The battery life shows good, but not excellent results: The notebook lasts over eleven hours in pure text editing. The simulation of an intensive workload reduces the battery life to 05:38 hours. This corresponds to our current test winner, but there are also isolated devices that last well over six hours. All in all, the battery life should satisfy most users and for office use there is the docking function anyway.


The Fujitsu Lifebook E558 is a business notebook with excellent ergonomics. The 15-inch device is convincing throughout in the test. It is suitable as an all-rounder due to its solid performance, but especially the wide range of interfaces make the high-quality Fujitsu notebook a suitable companion in the office. The price for the device is only just under 1000 USD, but you get a good performance for it.

Ranking Third: Acer Nitro 5 Spin

Acer Nitro 5 Spin


  • Great Perfomance
  • A Lot Storage
  • Convertible


  • Heavy : 4.8 lbs
  • Loud Fans

Convertibles are notebooks that can be converted into a tablet with a flick of the wrist – and until now, they were only available in the handy 13.3 to 14-inch format. With the Nitro 5 Spin, Acer is now launching one of the first convertibles with a large 15.6-inch display. Our initial doubts about the purpose of a 15.6-inch convertible evaporate in everyday life with the Nitro Spin 5 – which is surprisingly handy despite its size.

advantages: A pleasantly large display for classic office applications in laptop mode – which is especially appreciated after an eight-hour workday with just a 13.3-inch notebook.

Disadvantage: Convertible displays are usually slightly reflective due to the touch input, which occasionally leads to annoying reflections and irritating reflections.

Display and Comfortability

The Acer Nitro 5 Spin makes a very chic impression right out of the box, the anodized aluminum chassis feels valuable but is also prone to fingerprints. The case lies stable in the hand and the 360° display hinge usually locks very securely and accurately. In itself, the hinge is smooth-running, so it’s easy to open – but there’s no point of contact for the fingers, so it’s not easy to open. The typing feel of the keyboard, which has highlighted the WASD keys like a gaming notebook, is fine. The mouse replacement doesn’t have separate mouse keys, but still convinces us with a very good haptic.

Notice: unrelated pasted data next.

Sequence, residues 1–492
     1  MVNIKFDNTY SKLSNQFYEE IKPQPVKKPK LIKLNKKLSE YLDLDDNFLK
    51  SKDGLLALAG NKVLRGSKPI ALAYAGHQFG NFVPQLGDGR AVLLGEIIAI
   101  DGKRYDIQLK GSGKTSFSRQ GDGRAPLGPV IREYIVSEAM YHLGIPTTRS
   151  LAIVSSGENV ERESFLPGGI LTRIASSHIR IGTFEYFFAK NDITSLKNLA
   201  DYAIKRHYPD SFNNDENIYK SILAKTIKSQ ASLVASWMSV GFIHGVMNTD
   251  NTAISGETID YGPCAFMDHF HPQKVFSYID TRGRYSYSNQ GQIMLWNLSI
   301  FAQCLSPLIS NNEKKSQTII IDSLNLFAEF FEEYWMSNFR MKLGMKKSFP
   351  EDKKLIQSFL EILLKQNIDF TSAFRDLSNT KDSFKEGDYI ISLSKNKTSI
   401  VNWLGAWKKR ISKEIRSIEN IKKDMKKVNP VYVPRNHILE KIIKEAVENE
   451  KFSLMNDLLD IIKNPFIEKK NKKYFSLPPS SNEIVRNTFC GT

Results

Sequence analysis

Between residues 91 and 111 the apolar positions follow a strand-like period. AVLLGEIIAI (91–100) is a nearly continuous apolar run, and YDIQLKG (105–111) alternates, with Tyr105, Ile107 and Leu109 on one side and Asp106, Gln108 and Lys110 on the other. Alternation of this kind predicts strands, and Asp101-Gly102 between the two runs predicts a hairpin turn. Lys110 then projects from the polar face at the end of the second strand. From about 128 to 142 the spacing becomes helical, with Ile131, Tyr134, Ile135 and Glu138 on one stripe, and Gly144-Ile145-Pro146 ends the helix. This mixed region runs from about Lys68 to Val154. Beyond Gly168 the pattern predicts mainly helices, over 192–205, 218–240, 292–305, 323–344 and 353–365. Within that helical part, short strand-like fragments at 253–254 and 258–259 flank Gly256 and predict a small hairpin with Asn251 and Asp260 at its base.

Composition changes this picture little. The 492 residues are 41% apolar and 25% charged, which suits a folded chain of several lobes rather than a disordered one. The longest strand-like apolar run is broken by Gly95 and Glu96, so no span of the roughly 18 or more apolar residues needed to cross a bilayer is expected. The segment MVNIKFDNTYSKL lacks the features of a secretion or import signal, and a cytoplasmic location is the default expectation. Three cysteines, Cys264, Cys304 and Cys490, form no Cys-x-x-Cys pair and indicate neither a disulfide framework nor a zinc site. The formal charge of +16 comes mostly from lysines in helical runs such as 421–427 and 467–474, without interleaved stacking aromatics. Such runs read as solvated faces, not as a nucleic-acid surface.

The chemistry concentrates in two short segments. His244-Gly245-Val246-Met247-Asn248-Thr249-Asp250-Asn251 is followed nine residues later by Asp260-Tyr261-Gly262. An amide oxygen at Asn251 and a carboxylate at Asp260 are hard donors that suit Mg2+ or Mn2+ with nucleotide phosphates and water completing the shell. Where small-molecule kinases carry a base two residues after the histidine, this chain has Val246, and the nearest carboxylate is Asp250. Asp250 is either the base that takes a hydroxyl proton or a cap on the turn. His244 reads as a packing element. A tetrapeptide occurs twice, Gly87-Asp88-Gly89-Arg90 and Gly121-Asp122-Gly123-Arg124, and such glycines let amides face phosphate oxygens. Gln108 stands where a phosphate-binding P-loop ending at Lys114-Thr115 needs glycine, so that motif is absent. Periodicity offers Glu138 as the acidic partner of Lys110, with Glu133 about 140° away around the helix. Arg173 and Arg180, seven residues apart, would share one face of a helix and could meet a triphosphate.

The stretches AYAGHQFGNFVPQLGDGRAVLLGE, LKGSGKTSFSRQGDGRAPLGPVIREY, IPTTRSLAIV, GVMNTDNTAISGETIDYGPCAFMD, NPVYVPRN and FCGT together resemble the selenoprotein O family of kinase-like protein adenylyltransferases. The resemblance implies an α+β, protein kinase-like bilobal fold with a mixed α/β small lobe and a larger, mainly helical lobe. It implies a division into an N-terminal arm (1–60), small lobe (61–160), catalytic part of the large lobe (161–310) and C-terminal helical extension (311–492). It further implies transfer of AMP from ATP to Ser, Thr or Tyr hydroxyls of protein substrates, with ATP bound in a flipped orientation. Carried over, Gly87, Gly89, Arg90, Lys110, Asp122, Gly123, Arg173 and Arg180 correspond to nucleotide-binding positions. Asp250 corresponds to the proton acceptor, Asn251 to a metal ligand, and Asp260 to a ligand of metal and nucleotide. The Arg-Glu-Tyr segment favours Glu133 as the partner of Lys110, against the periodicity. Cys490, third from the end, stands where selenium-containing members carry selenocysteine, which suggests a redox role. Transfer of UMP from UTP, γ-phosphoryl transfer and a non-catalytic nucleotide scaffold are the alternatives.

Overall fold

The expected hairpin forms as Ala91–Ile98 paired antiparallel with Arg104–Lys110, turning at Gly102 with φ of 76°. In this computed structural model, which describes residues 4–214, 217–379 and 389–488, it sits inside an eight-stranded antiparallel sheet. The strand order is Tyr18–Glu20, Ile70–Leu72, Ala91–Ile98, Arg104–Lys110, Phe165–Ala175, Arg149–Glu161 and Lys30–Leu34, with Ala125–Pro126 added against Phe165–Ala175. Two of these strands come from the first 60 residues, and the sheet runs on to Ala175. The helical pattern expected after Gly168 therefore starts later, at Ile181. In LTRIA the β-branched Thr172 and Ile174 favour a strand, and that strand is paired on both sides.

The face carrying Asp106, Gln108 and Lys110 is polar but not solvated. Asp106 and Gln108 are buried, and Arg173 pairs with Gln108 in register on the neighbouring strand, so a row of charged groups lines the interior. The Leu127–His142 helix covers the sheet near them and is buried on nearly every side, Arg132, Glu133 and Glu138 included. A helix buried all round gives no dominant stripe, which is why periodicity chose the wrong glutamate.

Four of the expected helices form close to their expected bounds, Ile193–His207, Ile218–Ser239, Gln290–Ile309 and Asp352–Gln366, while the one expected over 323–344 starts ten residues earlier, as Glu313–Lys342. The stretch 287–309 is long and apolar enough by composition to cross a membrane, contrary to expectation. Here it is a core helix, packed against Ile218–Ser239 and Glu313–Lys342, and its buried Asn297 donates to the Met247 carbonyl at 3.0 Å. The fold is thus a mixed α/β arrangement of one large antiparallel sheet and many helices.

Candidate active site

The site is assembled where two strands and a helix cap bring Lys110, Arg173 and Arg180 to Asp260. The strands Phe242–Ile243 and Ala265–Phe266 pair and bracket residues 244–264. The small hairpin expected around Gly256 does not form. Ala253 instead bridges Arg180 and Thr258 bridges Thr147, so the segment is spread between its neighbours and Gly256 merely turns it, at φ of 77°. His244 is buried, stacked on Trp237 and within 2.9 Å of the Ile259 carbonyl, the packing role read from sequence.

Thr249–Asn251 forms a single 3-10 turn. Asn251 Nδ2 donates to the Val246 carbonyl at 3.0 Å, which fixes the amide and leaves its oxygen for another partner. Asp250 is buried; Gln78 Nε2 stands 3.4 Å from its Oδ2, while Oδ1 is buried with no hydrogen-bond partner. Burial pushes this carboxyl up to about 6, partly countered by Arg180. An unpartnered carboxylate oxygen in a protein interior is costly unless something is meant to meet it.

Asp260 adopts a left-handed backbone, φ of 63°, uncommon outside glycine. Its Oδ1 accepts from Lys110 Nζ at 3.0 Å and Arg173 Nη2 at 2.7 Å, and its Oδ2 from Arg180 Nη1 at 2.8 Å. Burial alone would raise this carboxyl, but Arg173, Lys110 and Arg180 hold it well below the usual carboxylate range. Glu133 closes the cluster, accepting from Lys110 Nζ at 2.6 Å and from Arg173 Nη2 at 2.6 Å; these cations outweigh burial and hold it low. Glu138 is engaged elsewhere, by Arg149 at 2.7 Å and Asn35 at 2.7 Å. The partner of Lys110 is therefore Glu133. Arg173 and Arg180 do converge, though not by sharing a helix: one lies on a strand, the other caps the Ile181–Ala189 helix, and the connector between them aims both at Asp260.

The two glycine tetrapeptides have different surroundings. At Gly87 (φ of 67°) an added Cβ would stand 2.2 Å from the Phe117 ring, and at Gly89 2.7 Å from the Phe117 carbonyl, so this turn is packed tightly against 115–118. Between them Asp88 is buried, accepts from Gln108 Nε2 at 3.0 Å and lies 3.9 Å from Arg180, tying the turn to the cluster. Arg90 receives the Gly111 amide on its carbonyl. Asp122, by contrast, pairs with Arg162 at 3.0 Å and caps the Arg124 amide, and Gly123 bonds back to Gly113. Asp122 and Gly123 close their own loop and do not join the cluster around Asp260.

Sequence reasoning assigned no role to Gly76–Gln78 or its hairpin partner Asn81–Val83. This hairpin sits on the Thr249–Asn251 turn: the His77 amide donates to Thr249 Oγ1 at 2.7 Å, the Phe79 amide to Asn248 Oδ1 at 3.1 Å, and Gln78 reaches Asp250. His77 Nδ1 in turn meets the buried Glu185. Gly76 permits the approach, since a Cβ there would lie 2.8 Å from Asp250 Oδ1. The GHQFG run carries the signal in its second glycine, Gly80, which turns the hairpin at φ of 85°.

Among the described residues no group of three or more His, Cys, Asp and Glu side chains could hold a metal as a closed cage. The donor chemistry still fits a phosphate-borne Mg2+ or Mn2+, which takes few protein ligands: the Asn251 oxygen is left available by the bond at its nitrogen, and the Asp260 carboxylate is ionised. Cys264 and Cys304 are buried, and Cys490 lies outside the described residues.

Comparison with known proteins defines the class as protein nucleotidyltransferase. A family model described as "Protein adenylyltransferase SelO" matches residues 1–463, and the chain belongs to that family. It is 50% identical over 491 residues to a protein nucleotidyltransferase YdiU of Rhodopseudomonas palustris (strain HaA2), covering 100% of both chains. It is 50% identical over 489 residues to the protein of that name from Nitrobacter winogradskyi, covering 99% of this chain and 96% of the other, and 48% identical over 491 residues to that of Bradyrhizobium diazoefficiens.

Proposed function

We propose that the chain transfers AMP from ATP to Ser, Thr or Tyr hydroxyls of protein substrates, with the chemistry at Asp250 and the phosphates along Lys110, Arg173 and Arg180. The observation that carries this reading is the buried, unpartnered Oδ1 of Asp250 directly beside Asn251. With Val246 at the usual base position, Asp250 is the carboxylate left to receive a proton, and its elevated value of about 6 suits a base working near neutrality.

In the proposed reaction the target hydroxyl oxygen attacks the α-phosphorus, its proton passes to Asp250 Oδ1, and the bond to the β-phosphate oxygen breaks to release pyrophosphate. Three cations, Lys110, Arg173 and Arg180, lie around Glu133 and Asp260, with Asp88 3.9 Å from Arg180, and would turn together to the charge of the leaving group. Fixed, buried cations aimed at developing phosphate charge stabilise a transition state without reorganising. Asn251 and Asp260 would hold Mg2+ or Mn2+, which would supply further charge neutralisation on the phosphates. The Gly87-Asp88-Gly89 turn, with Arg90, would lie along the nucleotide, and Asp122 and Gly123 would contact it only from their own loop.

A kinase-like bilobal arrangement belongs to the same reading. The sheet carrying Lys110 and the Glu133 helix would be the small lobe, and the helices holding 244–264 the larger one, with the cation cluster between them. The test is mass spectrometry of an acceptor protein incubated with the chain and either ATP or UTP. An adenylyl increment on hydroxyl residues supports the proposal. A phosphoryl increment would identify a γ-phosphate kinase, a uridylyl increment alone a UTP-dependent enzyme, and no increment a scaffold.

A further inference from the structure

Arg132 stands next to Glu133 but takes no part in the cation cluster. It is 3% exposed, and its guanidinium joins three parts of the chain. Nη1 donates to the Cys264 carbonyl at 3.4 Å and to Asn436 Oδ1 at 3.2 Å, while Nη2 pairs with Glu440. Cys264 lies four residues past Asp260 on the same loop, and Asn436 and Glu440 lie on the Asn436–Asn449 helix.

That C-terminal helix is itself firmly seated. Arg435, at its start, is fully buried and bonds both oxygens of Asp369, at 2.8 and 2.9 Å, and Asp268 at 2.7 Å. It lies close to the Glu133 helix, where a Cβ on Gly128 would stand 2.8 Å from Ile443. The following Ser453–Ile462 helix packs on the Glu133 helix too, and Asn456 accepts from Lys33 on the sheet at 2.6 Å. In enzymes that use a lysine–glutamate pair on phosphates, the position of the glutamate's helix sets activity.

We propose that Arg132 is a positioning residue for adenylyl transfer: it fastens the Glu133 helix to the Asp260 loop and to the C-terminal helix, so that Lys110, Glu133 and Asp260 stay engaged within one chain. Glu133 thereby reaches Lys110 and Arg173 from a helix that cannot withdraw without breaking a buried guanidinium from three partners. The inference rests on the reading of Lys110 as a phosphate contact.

The Acer Nitro 5 Spin’s display achieves good rates in the test: We measured a chessboard contrast of 190 to 1 and a radiant maximum brightness of 308.6 candela per square meter – both good results even if a convertible is allowed to radiate even more powerfully. Especially in tablet mode, a high maximum brightness prevents annoying light reflection. The convertible’s touch input is on a very good level and also very practical in everyday work, away from graphic applications and games like Hearthstone, The Elder Scrolls: Legends and Gwent.


The Nitro 5 Spin is powered by an Intel Core i5-8250U processor of the current 8th generation supported by 8 GB of memory. Annoyingly, the Acer’s motherboard has only one RAM slot and due to the low height, the RAM is soldered – so it’s not possible to upgrade the RAM. Even if the hardware can’t be upgraded, the Acer Nitro 5 Spin’s performance is sufficient for more than simple office applications. Because the strong quad-core processor is accompanied by an Nvidia GeForce GTX 1050 graphics card, which not only enables image and video editing, but also every current game – of course only with adjusted detail level. Storage is on a generous combination of a fast 256 GByte SSD and a one TByte HDD.